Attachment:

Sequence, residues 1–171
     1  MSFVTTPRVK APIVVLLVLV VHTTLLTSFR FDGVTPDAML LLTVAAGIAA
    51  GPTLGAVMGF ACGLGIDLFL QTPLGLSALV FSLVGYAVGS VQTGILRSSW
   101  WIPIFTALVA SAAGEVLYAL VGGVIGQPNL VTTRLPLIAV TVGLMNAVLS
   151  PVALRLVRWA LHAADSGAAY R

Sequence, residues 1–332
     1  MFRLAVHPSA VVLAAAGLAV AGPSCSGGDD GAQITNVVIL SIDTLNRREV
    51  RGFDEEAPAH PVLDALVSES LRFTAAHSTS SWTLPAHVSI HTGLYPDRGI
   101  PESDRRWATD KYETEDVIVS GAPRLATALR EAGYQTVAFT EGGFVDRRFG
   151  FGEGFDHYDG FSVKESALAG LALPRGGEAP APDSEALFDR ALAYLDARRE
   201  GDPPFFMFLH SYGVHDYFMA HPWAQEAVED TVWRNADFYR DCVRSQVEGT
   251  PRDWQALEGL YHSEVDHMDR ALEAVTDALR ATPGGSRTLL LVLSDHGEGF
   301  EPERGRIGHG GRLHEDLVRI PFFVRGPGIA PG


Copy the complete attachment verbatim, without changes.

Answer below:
Sequence, residues 1–171
     1  MSFVTTPRVK APIVVLLVLV VHTTLLTSFR FDGVTPDAML LLTVAAGIAA
    51  GPTLGAVMGF ACGLGIDLFL QTPLGLSALV FSLVGYAVGS VQTGILRSSW
   101  WIPIFTALVA SAAGEVLYAL VGGVIGQPNL VTTRLPLIAV TVGLMNAVLS
   151  PVALRLVRWA LHAADSGAAY R

Sequence, residues 1–332
     1  MFRLAVHPSA VVLAAAGLAV AGPSCSGGDD GAQITNVVIL SIDTLNRREV
    51  RGFDEEAPAH PVLDALVSES LRFTAAHSTS SWTLPAHVSI HTGLYPDRGI
   101  PESDRRWATD KYETEDVIVS GAPRLATALR EAGYQTVAFT EGGFVDRRFG
   151  FGEGFDHYDG FSVKESALAG LALPRGGEAP APDSEALFDR ALAYLDARRE
   201  GDPPFFMFLH SYGVHDYFMA HPWAQEAVED TVWRNADFYR DCVRSQVEGT
   251  PRDWQALEGL YHSEVDHMDR ALEAVTDALR ATPGGSRTLL LVLSDHGEGF
   301  EPERGRIGHG GRLHEDLVRI PFFVRGPGIA PG